Businesses are leaving themselves exposed to legal risks because they are taking a relaxed approach to social media.
Recent employment tribunal cases have shown that employers can run into difficulties because their firms lack formal guidelines on social media.
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Even when employers have policies in place, companies can run into difficulties if the wording is vague or unclear.
Wrongly fired for using Facebook at work
Mitie Property Services had a social media policy that allowed staff to use social media at work outside their core working hours.
But it lost the case because the policy did not make it clear what the company meant by “core working hours”.
Offensive but not offensive enough
Similarly, tribunals are likely to take a dim view of companies that over-react to staff’s comments on social media.
Firing an employee for making comments that are little more than mildly offensive, for example, is likely to leave an employer open to a tribunal claim.
One employee, for example, won compensation from her employer after she was fired for making comments on Facebook after a bad day in the office.
“I think I work in a nursery, and I do not mean working with plants,” she wrote. Later she added: “Don’t worry, it takes a lot of the bastards to grind me down.”
The comments, which were posted outside of work hours, were visible to 50 friends on Facebook, including some work colleagues.
But the company was forced to pay more than £12,000 in compensation, after the tribunal ruled that the comments were relatively mild and did not justify her losing her job.
Download legal briefings on social media
Four leading European law firms give advice for companies on managing the legal risks of social media in the UK, France, Germany and Italy:
Eating your own dog food
Employers have a stronger case when employees actively malign their employers.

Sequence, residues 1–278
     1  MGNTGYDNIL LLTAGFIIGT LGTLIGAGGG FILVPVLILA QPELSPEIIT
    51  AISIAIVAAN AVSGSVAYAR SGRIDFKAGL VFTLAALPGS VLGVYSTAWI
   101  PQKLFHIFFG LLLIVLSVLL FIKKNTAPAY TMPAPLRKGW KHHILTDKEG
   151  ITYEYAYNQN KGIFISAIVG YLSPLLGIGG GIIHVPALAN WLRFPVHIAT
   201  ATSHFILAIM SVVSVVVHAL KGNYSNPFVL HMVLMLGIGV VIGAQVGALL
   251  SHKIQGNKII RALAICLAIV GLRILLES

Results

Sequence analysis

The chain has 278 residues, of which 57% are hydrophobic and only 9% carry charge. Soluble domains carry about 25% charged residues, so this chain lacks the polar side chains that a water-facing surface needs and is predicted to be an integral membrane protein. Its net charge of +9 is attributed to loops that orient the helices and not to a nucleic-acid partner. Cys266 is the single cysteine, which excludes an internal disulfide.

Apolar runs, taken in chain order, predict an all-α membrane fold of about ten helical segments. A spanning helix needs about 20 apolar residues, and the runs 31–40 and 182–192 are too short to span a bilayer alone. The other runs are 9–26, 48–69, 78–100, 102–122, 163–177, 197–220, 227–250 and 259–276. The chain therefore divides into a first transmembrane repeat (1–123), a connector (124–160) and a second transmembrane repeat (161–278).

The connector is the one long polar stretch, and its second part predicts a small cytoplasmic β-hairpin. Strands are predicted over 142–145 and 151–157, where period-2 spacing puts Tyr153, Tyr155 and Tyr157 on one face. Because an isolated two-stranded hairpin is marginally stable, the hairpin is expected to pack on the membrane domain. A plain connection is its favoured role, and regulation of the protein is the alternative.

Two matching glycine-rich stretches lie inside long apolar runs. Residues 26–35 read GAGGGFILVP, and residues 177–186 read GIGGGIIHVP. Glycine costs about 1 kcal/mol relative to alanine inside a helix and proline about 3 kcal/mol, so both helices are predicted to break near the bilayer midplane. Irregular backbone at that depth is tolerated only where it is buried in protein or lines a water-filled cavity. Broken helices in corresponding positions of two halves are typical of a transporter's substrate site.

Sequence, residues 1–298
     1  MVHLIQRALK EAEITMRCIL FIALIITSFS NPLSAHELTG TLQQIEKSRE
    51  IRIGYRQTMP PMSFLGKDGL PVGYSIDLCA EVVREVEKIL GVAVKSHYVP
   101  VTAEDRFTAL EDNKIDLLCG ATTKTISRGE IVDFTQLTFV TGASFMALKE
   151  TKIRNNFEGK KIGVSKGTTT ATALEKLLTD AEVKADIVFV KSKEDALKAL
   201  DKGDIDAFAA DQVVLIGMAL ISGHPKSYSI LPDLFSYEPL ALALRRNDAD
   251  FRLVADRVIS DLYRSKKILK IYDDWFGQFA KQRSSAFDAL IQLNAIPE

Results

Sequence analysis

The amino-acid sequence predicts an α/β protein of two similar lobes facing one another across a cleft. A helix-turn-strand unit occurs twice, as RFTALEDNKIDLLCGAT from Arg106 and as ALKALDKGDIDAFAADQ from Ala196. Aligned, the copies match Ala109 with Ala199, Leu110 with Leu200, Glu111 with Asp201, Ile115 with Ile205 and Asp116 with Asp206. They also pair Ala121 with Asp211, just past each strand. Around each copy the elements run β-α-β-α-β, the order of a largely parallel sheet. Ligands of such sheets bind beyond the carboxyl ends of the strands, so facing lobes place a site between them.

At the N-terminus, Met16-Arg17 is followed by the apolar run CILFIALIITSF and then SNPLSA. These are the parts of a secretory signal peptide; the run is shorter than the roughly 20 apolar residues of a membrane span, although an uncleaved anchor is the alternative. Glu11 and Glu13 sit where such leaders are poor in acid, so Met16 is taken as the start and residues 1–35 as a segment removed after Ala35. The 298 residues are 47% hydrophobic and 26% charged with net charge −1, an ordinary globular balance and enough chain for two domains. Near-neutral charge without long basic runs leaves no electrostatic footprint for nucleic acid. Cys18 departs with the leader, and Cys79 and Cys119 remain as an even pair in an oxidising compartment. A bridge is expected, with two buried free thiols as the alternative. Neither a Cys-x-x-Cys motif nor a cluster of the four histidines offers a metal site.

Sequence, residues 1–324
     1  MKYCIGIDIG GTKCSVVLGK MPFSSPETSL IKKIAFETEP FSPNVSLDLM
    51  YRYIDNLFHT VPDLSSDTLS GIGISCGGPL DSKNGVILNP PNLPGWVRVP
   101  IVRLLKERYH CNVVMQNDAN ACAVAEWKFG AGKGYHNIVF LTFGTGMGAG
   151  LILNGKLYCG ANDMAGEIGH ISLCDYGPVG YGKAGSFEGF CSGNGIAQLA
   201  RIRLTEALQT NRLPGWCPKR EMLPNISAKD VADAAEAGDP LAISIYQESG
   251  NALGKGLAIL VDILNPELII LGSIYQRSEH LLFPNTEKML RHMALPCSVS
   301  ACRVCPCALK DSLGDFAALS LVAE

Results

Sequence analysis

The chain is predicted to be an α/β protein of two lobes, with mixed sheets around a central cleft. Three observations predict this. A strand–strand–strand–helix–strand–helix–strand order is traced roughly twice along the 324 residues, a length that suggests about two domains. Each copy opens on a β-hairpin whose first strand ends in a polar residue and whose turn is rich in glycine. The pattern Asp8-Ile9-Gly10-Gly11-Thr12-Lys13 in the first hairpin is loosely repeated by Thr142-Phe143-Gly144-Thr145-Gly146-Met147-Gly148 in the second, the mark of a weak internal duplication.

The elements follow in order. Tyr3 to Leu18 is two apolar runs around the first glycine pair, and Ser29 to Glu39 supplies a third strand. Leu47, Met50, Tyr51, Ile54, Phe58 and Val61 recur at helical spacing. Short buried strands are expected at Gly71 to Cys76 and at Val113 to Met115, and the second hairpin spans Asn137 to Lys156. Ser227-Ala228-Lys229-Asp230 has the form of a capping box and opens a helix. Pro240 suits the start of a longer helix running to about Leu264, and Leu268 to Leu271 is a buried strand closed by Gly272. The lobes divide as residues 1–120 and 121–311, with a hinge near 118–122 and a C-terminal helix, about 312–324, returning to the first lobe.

Employees have a duty of fidelity to their employers, said Dooks. “If there are problems with the products of your employer, that is confidential information, and its protected by a duty of confidentiality you owe to your employer.”
In Italy, for example, an employee who worked in a restaurant lost his job after publishing a comment suggesting that dog food was better than the food served by his employer.
And Apple was vindicated by a tribunal when it dismissed an employee for making derogatory comments about the firm's MobileMe service. The service was meant to ensure that people’s alarm goes off at the correct time when they change time zones, but the employee was less than impressed.
“MobileMe f***ed up time zone for the third time in a week and woke me up at 3am! Joy,” he wrote in one social media post, following it up with: “F**k you very much work.”
Although the employee claimed his right to freedom of expression under the European Convention of Human Rights, the tribunal said his dismissal was legitimate.
Company secrets accidentally disclosed
In another case, a hapless employee in Italy lost his job after inadvertently posting a photograph containing company secrets on Facebook.
The photo contained a noticeboard in the background, pinned to which were confidential details of an important project.
Cases such as these show that companies need to think seriously about how they use social media, said Dooks.
However, a social media policy alone is not enough. Educating employees to use social media properly is vital, particularly when staff use their own devices at work.
People can use their smartphones in work during the day, then be out in the pub chatting to their friends in the evening.
“It can be quite easy for employees to be locked on one mode rather than the other, and perhaps put something inappropriate out on social media,” said Dooks.
The need for clear social media guidelines has been given renewed impetus by the trend for staff to use their own laptops and phones at work.
“If you suspect wrongdoing in circumstances where employees are bringing in their own devices, its much more difficult to take action,” she said.